Many councils are setting an income threshold above which a tenant will be considered not to ‘need’ the tenancy. For instance the Conservative administration in Barnet has set a threshold of £32,580 whereas Westminster has set one of £61,400 (for 1 and 2 bedroom households) or £74,000 (for 3 bedroom or greater). In the case of Westminster ‘capital assets’ (savings above £16,000) will be taken into account and ‘can be assessed as notional income’. Some authorities, including Labour ones, have decided that if there is a change in the composition of a household, say a child leaving home, then a tenancy which is ‘under-occupied’ will not be renewed. Although existing tenants will keep their ‘secure tenancies’ the annual turn over would over time see them dying out.

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The party which prides itself as the defender of ‘individual liberty’, is proposing to give councils power to intrude into the lives of tenants as never before; the power to impose a means test on people who pay full rent; the power to move people from property to property without their agreement and against their will; the power to rigidly impose a ‘bedroom standard’ which originates from the 1930’s when overcrowding was far worse than today, and one bedroom for a couple alone, would have been a step forward.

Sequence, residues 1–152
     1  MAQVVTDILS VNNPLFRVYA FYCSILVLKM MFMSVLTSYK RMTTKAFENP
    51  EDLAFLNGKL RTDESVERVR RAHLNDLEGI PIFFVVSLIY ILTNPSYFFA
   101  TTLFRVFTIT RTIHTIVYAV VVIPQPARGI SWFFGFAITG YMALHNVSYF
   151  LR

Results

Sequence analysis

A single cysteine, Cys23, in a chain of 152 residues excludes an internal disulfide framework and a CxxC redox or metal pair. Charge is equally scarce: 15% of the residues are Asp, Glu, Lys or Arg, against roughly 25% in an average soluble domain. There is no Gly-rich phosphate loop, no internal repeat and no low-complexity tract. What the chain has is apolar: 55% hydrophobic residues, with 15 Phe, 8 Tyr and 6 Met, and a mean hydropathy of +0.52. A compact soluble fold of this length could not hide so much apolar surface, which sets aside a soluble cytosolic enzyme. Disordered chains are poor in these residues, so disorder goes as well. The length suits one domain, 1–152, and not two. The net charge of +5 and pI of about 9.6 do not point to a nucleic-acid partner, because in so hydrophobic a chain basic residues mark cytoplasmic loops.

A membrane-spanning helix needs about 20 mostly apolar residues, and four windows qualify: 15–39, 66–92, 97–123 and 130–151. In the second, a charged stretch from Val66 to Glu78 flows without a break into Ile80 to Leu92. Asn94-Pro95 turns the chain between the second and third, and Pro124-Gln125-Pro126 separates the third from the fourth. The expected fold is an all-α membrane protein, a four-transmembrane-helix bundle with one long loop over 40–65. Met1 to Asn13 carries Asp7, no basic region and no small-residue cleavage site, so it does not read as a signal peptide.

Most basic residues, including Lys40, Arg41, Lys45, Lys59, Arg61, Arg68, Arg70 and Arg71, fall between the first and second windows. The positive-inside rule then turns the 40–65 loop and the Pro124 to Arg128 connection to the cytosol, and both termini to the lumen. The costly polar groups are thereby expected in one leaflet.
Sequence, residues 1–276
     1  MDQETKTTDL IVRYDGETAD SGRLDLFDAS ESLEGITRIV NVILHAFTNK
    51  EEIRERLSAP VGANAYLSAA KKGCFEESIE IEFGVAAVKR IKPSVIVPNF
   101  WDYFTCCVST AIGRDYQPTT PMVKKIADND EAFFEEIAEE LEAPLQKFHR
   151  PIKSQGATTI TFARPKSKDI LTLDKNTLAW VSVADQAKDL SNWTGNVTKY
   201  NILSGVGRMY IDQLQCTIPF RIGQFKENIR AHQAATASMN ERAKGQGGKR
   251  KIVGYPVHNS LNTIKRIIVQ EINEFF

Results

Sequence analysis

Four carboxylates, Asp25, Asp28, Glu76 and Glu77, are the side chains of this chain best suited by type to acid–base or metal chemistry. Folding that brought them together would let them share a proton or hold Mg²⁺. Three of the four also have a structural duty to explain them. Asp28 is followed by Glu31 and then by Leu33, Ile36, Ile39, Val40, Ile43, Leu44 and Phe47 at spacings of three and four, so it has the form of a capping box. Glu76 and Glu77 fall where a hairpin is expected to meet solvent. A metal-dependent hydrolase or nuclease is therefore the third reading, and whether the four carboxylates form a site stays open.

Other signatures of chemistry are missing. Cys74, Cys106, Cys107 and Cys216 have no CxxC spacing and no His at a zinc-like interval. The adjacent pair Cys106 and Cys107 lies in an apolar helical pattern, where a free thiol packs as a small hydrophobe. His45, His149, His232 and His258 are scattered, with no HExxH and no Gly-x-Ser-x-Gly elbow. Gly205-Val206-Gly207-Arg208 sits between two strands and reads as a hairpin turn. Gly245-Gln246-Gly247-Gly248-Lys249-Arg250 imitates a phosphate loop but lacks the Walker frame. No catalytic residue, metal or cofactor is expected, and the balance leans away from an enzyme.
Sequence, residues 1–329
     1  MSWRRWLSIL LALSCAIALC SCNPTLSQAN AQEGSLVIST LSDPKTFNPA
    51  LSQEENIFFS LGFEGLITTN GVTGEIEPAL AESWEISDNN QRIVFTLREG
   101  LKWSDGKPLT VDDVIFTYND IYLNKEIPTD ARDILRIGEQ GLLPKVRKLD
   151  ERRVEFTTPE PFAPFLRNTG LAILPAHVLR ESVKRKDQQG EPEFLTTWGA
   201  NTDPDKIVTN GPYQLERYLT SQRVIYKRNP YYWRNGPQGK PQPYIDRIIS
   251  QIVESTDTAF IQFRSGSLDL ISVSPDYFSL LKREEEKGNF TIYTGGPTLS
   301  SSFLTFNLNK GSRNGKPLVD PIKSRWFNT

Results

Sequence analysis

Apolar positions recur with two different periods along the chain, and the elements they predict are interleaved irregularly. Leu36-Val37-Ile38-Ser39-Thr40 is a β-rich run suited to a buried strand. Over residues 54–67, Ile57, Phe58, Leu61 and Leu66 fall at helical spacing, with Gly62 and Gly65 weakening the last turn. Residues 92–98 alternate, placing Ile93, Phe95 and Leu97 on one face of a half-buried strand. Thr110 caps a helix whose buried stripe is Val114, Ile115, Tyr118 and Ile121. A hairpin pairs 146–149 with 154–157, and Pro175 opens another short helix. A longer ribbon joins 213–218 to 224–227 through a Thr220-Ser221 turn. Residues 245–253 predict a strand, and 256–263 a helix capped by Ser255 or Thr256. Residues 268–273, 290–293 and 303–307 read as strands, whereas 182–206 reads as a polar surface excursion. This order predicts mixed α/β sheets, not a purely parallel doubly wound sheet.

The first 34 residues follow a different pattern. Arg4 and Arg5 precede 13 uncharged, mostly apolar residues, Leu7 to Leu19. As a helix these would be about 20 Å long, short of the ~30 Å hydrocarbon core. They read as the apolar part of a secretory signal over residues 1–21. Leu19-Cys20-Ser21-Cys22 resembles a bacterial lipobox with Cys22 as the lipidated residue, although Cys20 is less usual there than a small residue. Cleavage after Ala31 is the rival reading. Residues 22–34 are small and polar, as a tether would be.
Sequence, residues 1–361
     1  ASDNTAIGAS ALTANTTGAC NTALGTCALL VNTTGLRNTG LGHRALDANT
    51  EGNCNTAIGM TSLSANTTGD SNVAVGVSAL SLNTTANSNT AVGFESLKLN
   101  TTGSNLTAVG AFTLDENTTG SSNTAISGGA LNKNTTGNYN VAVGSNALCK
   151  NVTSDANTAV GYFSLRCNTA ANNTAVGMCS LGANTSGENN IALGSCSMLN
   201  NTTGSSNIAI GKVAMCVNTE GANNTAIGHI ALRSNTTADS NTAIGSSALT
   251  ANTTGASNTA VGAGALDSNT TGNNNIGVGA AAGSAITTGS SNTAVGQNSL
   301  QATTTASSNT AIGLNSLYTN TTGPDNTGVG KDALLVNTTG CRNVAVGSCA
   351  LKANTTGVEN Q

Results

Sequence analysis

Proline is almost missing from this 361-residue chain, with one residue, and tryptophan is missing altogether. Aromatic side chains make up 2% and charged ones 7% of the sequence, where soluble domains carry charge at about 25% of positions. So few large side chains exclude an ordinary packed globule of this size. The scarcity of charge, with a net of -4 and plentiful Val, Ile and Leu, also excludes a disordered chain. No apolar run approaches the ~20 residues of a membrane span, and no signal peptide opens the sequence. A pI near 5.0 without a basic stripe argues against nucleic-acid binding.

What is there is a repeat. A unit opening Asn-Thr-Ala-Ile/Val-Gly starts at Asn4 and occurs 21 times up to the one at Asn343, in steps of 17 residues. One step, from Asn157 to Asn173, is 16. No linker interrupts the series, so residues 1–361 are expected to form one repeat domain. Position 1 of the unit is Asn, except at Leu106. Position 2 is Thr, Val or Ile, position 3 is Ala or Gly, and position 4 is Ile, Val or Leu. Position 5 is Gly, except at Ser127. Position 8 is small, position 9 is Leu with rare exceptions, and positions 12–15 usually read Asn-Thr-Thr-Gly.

The campaign so far

Tenants organisations and tenant activists are campaigning against the ending of ‘secure tenancies’ because it would mean that council housing would become a means-tested tenure. ‘Flexible tenancies’ would undermine our independence, introducing instability, making tenants fearful for their future.

The government’s ‘social housing’ policy is consistent with its suite of ‘welfare reforms’. It’s ‘bedroom tax’ is designed to pressure tenants into work and/or into smaller homes by cutting the meagre amount of money they have to live on, even though there is. The ‘flexible tenancy’ is designed to force people out of their homes if they earn ‘too much’ or if their children leave home.